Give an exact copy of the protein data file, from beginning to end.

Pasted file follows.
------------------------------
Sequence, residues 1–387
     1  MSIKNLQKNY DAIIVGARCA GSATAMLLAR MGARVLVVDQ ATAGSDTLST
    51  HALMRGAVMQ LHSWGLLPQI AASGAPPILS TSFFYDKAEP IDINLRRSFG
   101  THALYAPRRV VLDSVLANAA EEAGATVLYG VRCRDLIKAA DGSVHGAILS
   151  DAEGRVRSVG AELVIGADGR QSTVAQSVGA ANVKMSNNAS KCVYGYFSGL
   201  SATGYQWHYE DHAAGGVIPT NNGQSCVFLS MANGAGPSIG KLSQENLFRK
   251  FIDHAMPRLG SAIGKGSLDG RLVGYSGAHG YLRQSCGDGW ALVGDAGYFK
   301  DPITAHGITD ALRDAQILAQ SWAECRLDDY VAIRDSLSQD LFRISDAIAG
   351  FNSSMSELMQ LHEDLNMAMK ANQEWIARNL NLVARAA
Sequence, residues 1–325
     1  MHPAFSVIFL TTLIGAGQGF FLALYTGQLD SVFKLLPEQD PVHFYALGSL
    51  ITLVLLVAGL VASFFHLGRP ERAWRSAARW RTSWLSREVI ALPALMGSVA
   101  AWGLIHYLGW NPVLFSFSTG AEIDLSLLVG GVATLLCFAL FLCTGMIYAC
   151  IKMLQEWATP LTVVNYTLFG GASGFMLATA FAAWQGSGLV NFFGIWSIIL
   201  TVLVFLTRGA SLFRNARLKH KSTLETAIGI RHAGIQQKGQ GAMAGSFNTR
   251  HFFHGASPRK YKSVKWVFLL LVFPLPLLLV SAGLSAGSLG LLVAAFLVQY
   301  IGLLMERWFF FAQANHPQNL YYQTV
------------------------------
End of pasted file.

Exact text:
Sequence, residues 1–387
     1  MSIKNLQKNY DAIIVGARCA GSATAMLLAR MGARVLVVDQ ATAGSDTLST
    51  HALMRGAVMQ LHSWGLLPQI AASGAPPILS TSFFYDKAEP IDINLRRSFG
   101  THALYAPRRV VLDSVLANAA EEAGATVLYG VRCRDLIKAA DGSVHGAILS
   151  DAEGRVRSVG AELVIGADGR QSTVAQSVGA ANVKMSNNAS KCVYGYFSGL
   201  SATGYQWHYE DHAAGGVIPT NNGQSCVFLS MANGAGPSIG KLSQENLFRK
   251  FIDHAMPRLG SAIGKGSLDG RLVGYSGAHG YLRQSCGDGW ALVGDAGYFK
   301  DPITAHGITD ALRDAQILAQ SWAECRLDDY VAIRDSLSQD LFRISDAIAG
   351  FNSSMSELMQ LHEDLNMAMK ANQEWIARNL NLVARAA
Sequence, residues 1–325
     1  MHPAFSVIFL TTLIGAGQGF FLALYTGQLD SVFKLLPEQD PVHFYALGSL
    51  ITLVLLVAGL VASFFHLGRP ERAWRSAARW RTSWLSREVI ALPALMGSVA
   101  AWGLIHYLGW NPVLFSFSTG AEIDLSLLVG GVATLLCFAL FLCTGMIYAC
   151  IKMLQEWATP LTVVNYTLFG GASGFMLATA FAAWQGSGLV NFFGIWSIIL
   201  TVLVFLTRGA SLFRNARLKH KSTLETAIGI RHAGIQQKGQ GAMAGSFNTR
   251  HFFHGASPRK YKSVKWVFLL LVFPLPLLLV SAGLSAGSLG LLVAAFLVQY
   301  IGLLMERWFF FAQANHPQNL YYQTV